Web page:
[co-author: Francesco Armaroli]
If you are looking forward to a future where you will be able to choose what the main character does next in a movie or TV series, that future has now arrived. In fact, some video on demand (VOD) platforms are pioneering a new form of immersive entertainment called “interactive entertainment”.
This is how it works in practice: viewers’ choices at specific points in time influence the narrative of the plot of what they are watching and lead to different personalized endings. From what music to play, to career decisions, from “killing” certain characters to travel destinations: viewers can choose everything.
All such interactions generate huge amounts of data processed through sophisticated technologies and analytics techniques for various purposes (targeted advertising, customer profiling, geo-location, parental blocks).
To achieve such purposes, broadcasters and VOD platforms need to comply with several pieces of law (privacy, audiovisual regulatory, minors’ protection, copyright enforcement: in this respect, see our general overview of the new EU Copyright Directive), some of which we will address in this post.
Italian regulators have been keen to intervene on smart devices and interactive entertainment from different perspectives and points of view during the past years.
The position of the Italian Data Protection Authority (Garante per la protezione dei dati personali) is that viewers’ tracking and the display of targeted advertising by means of smart devices shall be subject to applicable privacy rules. This is confirmed under the GDPR and is likely to be increased under the forthcoming ePrivacy Regulation, which will guarantee a specific protection to metadata processing and profiling.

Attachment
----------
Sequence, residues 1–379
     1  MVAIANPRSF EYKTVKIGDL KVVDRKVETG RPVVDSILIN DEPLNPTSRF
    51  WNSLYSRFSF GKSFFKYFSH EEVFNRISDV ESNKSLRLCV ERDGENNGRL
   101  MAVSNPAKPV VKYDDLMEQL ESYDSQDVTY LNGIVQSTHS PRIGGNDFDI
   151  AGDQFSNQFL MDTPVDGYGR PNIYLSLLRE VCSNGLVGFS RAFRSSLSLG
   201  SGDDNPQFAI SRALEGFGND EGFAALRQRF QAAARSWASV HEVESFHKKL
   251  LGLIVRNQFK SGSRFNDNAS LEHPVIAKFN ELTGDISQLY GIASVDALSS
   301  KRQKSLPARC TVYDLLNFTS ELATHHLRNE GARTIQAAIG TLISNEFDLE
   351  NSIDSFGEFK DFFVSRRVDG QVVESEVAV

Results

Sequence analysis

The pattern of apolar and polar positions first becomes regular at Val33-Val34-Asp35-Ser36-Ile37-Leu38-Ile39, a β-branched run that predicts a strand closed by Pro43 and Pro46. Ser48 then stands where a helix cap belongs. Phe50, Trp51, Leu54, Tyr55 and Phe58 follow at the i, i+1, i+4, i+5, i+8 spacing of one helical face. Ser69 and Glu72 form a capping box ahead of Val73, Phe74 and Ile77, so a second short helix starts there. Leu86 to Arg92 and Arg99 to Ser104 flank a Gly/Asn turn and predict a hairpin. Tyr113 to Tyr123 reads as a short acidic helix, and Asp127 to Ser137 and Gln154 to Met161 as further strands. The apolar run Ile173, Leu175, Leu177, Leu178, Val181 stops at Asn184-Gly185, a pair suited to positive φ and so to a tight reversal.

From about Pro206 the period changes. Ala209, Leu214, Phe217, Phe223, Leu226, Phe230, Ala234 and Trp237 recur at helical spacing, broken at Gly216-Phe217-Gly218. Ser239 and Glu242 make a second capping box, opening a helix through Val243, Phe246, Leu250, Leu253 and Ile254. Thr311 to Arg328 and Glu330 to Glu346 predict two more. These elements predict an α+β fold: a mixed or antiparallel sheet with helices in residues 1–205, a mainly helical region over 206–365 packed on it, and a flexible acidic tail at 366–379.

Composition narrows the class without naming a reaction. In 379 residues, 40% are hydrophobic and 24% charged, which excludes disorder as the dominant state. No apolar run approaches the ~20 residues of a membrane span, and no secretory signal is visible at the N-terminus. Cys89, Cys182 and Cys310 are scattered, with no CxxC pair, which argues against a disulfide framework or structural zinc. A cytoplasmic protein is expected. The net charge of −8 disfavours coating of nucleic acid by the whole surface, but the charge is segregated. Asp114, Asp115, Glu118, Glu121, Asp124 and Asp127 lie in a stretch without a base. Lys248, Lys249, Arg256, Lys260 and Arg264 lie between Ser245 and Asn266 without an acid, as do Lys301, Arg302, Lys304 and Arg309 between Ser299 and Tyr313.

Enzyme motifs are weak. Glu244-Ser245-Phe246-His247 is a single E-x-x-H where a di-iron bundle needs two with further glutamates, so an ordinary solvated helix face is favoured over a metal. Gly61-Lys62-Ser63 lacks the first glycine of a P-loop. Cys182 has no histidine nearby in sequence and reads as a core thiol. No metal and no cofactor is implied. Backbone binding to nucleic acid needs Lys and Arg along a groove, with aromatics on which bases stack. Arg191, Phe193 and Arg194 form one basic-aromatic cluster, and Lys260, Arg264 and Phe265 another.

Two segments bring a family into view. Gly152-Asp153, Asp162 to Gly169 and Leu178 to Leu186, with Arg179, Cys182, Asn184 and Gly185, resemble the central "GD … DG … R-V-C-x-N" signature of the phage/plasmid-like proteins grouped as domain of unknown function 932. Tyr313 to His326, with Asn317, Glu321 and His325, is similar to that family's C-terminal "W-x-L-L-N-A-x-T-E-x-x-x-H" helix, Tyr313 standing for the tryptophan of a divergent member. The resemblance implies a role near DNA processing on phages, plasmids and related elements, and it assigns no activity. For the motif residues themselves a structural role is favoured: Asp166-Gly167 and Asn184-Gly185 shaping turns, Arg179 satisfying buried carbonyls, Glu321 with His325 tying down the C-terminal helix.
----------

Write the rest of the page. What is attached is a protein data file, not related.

Similarly, the Italian Communications Authority (Autorità per le garanzie nelle comunicazioni) pointed out that smart TVs’ connection to computer and broadband networks enhance relevant break-in risks, such as illegitimate access to personal data and the surreptitious activation of the camera and/or motion sensors of which some models are equipped.
That is why the Authority believes it is necessary to implement transparency policies with regard to manufacturers, as well as a constant tracking of the software pre-installed in smart devices, in order to increase the privacy and security of their users.
The interactions between the two independent authorities in this business sector is particularly tight. This is the reason why recently one of the Italian Communications Authority Commissioner (Mr. Antonio Nicita) even proposed to merge the two authorities, in order to avoid various potential overlaps of the relevant functions. Such merge, according to the Commissioner, may allow Italian authorities to exercise “a more effective “bargaining” power and moral suasion vis-à-vis OTTs and global digital platforms”.